A Small intro to carbon fibres

Carbon FIbre

Who want to spend more in money and risk when there are ways to cut. Yes, It takes hundreds to thousands of crores to make a Single Rocket launch. It doesn’t take ten seconds to lose all that investment if a small thing went wrong. The expenses for rocket manufacturing and launch increases exponentially with mass.Because, Rockets has to carry fuel for fuel and at the same time we need high strength , low mass , corrosive resistant fuel containers and these to add mass , all the surface material of rocket, engines , payloads everything add mass.And the goal of us is to cut mass everything possible without compromising strength and capabilities of rocket.

Now we need a material that can give all best properties we need like low weight, high strength,stiffness,high temperature withstand,corrosive resistant, chemical resistant and many…. We can find all these different properties in different materials but what we need is to find a material that have all these properties at best.

In recent times we found such material called Carbon Fibre. This literally can change the aerospace technologies with research and development. In this article we are going to explore all the brief details about this material.

Preparation steps in manufacturing Carbon Fibres

The process of preparing carbon fiber typically involves several steps, which may vary depending on the specific manufacturing process used. However, some common steps involved in the preparation of carbon fiber include:

Precursor preparation

Carbon fiber is typically made from a precursor material, which is a polymeric material such as polyacrylonitrile (PAN), rayon, or pitch. The precursor material is usually spun into fibers or yarns and then wound onto bobbins.


The precursor fibers are heated in air to a temperature of around 200-300°C, which causes them to undergo a process called stabilization. During stabilization, the fibres are oxidized and crosslinked, which helps to prevent them from shrinking or melting when they are later heated to high temperatures.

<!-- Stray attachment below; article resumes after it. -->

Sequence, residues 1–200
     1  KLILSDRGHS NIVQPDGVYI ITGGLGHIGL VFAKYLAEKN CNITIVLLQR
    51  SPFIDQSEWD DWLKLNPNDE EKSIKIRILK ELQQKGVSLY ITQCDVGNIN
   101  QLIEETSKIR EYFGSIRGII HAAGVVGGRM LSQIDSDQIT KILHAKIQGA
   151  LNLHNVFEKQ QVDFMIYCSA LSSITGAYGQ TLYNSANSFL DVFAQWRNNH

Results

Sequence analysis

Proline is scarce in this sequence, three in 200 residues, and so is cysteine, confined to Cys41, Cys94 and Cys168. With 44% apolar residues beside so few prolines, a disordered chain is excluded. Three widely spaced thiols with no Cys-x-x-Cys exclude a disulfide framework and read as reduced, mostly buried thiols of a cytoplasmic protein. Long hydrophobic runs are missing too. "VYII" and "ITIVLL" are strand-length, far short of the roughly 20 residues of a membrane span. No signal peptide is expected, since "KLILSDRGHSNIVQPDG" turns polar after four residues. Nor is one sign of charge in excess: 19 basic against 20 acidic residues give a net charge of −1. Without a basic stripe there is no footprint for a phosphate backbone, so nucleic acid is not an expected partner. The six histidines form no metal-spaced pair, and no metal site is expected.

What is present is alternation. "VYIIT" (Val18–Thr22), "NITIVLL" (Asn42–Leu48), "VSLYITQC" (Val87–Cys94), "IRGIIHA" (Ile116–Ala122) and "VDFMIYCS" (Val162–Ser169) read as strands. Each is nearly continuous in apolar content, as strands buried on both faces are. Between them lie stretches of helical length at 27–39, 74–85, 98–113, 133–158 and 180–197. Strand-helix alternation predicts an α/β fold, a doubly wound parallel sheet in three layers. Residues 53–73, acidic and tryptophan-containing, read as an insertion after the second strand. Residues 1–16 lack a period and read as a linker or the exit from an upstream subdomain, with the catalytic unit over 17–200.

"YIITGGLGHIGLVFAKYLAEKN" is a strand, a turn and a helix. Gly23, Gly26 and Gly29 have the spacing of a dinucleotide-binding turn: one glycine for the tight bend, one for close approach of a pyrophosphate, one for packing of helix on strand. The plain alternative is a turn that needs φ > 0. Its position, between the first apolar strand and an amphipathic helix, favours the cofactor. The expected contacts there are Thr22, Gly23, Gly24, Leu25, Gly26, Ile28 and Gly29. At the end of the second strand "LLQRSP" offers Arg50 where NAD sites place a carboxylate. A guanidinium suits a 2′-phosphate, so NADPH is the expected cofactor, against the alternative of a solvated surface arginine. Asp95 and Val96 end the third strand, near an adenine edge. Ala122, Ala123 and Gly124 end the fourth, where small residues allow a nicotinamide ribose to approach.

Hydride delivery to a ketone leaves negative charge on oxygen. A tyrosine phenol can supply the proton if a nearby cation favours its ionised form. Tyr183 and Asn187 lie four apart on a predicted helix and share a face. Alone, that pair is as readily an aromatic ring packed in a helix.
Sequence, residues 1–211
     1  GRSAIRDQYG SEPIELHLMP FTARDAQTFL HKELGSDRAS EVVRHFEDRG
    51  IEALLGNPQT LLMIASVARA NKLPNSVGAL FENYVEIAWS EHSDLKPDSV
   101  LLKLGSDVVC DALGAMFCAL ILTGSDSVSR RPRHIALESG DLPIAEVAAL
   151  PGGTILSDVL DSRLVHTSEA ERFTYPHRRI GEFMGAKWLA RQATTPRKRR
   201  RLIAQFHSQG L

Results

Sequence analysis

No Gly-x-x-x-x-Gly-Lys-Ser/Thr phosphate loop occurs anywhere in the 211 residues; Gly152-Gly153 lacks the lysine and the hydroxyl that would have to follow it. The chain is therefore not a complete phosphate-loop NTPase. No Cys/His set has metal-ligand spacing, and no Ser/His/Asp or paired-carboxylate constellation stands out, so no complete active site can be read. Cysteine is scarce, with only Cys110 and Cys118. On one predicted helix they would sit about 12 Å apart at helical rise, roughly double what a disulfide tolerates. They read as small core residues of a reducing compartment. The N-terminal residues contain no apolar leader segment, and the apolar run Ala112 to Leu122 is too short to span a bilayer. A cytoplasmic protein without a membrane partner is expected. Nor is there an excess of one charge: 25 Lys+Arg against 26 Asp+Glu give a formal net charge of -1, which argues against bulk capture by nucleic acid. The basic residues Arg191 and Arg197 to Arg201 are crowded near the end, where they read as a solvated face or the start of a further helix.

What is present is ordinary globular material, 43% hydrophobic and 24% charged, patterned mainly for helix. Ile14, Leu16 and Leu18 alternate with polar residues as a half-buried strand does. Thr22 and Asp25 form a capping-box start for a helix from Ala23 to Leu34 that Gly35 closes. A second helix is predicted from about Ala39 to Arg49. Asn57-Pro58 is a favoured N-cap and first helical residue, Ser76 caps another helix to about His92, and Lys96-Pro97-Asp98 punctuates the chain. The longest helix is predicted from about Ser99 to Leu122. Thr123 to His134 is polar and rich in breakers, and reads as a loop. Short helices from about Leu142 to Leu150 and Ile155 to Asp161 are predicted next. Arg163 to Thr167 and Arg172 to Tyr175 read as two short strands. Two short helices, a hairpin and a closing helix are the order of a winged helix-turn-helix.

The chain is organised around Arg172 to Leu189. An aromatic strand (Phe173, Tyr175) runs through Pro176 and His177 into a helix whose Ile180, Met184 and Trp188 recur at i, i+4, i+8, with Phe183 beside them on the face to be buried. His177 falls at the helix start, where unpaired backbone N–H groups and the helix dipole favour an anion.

The stabilized fibres are then heated to a temperature of around 1000-3000°C in an inert atmosphere, such as nitrogen or argon. This process, called carbonization, causes the fibers to lose their non-carbon elements and become mostly composed of carbon. The high-temperature process causes the fibres to become more ordered, which gives them their characteristic strength and stiffness.

Surface treatment

After carbonization, the carbon fibers may undergo a surface treatment process, such as sizing or coating with a protective layer. This helps to improve their adhesion to other materials and protect them from damage.

Spinning and weaving

The carbon fibers are typically spun into yarns or woven into fabrics, which can then be used to create composite materials.

Final processing

Finally, the carbon fibers or carbon fiber composites may undergo additional processing steps, such as machining, finishing, or curing, depending on the specific application.

Properties of Carbon Fibres

There are many useful properties and advantages with carbon fibres and  here we have few of them.

High strength-to-weight ratio